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There are between 85,000 and 100,000 species of fungi of which most are beneficial to us, with only a few causing problems to the turf. By enlarge grasses are most susceptible to disease when they are stressed. Good disease control starts with sound cultural practices. Fungicides are used only as a last resort when the disease overwhelms intelligent turf management. Diseases are frequently the manifestations of other problems, and solving those problems will keep the turf healthy and avoid disease. The following practices will help to prevent disease by reducing stress to the grass. 

  1. Water deeply in the morning. On established turf it is wiser to soak the grass heavily (one inch or more) but infrequently instead of smaller, frequent watering. If the grass is watered during the morning, the turf has a chance to dry out before sundown and so does not remain constantly wet.
  2. Do not fertilize when it is hot and the soil is dry.
  3. Do not use herbicide when it is hot and the soil is dry.
  4. Limit fertilizing in the shade.
  5. Use herbicides in the shade with great care.
  6. Use a balanced fertilizer (see Fertilizer)
  7. Avoid mowing when the grass is wet.
  8. Try to reduce thatch, poor drainage, and compaction.
  9. Use sharp mower blades and mow at the recommended height for you particular grass.

Common turfgrass diseases:

  • Anthracnose on turf grass appears as a leaf disease, and under favorable conditions it also effects grass crowns and roots.
  • Brown patch commonly starts as a small spot and can quickly spread outwards in a circular pattern up to a couple of feet wide. Sometimes the inside of the circle will recover making it look like a smoke-ring.
  • Dollar spots tend to thrive during drought conditions in lawns that are lacking nitrogen. They are small silver dollar-like shape and usually look brown in appearance.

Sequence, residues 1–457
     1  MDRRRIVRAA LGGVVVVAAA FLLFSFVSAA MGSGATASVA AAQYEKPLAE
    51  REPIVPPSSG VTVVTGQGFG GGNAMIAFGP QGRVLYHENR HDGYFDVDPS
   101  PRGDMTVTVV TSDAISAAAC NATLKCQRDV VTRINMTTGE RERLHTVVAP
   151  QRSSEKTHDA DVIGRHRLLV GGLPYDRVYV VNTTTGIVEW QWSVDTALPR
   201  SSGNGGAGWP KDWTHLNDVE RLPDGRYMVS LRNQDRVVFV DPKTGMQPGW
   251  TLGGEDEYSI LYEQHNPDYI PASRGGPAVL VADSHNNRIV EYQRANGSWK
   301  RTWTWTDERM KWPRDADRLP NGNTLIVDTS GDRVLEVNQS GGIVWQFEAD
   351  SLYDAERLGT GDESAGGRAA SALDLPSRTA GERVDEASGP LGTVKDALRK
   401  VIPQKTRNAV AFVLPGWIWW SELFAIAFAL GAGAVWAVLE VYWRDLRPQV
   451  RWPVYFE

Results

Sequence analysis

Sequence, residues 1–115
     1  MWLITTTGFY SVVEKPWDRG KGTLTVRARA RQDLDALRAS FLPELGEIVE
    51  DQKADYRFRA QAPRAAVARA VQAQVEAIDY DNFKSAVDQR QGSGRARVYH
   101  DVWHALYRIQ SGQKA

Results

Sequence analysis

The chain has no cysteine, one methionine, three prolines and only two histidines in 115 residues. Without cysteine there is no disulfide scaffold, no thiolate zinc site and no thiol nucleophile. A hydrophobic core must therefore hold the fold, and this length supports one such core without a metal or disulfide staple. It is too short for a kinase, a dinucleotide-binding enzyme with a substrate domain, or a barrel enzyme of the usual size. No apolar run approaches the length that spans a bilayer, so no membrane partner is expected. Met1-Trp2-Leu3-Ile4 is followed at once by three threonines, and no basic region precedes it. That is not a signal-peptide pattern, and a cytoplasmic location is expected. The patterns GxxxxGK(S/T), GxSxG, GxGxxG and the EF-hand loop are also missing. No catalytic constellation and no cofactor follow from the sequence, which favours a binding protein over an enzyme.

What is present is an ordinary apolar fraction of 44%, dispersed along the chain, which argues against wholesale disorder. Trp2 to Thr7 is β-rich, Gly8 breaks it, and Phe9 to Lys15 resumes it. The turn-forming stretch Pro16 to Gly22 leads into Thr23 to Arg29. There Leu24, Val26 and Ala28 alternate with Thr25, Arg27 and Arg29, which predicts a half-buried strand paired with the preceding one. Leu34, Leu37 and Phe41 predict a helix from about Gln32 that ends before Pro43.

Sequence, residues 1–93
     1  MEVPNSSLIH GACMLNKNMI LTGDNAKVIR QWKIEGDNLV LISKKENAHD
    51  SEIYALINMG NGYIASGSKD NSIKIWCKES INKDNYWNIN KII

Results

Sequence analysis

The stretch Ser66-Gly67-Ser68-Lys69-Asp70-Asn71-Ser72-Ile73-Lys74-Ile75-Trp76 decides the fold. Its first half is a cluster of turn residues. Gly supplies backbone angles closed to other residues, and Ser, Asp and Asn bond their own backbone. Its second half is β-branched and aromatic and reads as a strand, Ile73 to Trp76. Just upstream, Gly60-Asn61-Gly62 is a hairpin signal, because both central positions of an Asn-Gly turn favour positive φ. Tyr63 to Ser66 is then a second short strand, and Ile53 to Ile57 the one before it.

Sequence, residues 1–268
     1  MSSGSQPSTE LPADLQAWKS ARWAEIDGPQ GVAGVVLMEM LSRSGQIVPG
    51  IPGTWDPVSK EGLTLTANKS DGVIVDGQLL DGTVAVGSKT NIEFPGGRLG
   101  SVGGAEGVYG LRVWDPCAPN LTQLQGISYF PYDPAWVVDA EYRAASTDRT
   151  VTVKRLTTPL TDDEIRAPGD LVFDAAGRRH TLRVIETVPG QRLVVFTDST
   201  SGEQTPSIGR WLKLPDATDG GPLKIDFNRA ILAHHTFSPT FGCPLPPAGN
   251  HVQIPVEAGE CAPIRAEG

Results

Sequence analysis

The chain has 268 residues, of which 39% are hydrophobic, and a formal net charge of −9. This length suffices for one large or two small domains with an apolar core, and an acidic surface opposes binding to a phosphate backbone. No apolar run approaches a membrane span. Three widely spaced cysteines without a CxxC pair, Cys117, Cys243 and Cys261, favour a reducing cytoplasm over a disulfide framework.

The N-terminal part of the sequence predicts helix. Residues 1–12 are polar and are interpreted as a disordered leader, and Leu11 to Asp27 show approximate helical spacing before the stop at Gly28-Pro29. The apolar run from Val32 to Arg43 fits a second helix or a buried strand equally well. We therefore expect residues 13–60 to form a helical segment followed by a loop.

• Fairy rings are distinguishable by circular rings filled with fast-growing, dark-green grass. Around the perimeter of the ring, the grass will typically turn brown and often times grow mushrooms. 
  • Helminthosporium symptoms are manifested by leaf lesions which vary on different turf grass. As the disease advances the lesions coalesce and girdle the leaves which then die.
  • Necrotic Ring Spot produces what is called frog eyed pattern. Infected leaves turn reddish purple.
  • Powdery Mildew gives the appearance the turf has been sprinkled with flour. Shady areas are the most susceptible, where air circulation is poor and humidity is high.
  • Pythium Blight are irregularly shaded patches of wilted brown grass with a Cobweb-like mass of fungus. Patches may form a foot or more wide. It can be a problem in dense new seeding that are being heavily watered. 
  • Red Thread is ragged, blighted patches a few inches to several feet in diameter, late spring or fall, particularly on nitrogen deficient turf.
  • Rust is a yellow to red, round or linear pustule that appears on leaves and stems. The disease is most severe when water, fertility, and soil compaction are less than adequate for good growth.
  • Snowmolds are most common where snow falls and sits on the lawn for extended periods of time. It appears as pink to gray discolored patches of turf along the edges of melting snow.
  • Summer Patch is seen as grayish-green patch of wilted grass that change to a dull blue-gray or reddish brown  then to a light straw color. Small wilted patches of grass one to twelve inches in diameter followed in subsequent years by frog eyed patches.